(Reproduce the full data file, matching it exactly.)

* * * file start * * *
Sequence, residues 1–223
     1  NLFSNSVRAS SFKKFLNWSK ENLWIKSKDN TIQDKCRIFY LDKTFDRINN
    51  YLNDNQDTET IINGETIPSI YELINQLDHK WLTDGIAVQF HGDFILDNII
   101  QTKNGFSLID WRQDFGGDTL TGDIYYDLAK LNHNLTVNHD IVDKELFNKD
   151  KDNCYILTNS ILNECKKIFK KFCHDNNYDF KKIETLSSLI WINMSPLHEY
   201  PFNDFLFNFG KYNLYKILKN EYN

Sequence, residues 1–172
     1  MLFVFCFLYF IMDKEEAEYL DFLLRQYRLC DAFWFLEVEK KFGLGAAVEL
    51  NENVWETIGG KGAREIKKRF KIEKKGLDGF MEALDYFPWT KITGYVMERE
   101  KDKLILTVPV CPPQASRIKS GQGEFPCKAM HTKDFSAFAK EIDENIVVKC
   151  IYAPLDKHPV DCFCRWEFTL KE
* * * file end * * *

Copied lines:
Sequence, residues 1–223
     1  NLFSNSVRAS SFKKFLNWSK ENLWIKSKDN TIQDKCRIFY LDKTFDRINN
    51  YLNDNQDTET IINGETIPSI YELINQLDHK WLTDGIAVQF HGDFILDNII
   101  QTKNGFSLID WRQDFGGDTL TGDIYYDLAK LNHNLTVNHD IVDKELFNKD
   151  KDNCYILTNS ILNECKKIFK KFCHDNNYDF KKIETLSSLI WINMSPLHEY
   201  PFNDFLFNFG KYNLYKILKN EYN

Sequence, residues 1–172
     1  MLFVFCFLYF IMDKEEAEYL DFLLRQYRLC DAFWFLEVEK KFGLGAAVEL
    51  NENVWETIGG KGAREIKKRF KIEKKGLDGF MEALDYFPWT KITGYVMERE
   101  KDKLILTVPV CPPQASRIKS GQGEFPCKAM HTKDFSAFAK EIDENIVVKC
   151  IYAPLDKHPV DCFCRWEFTL KE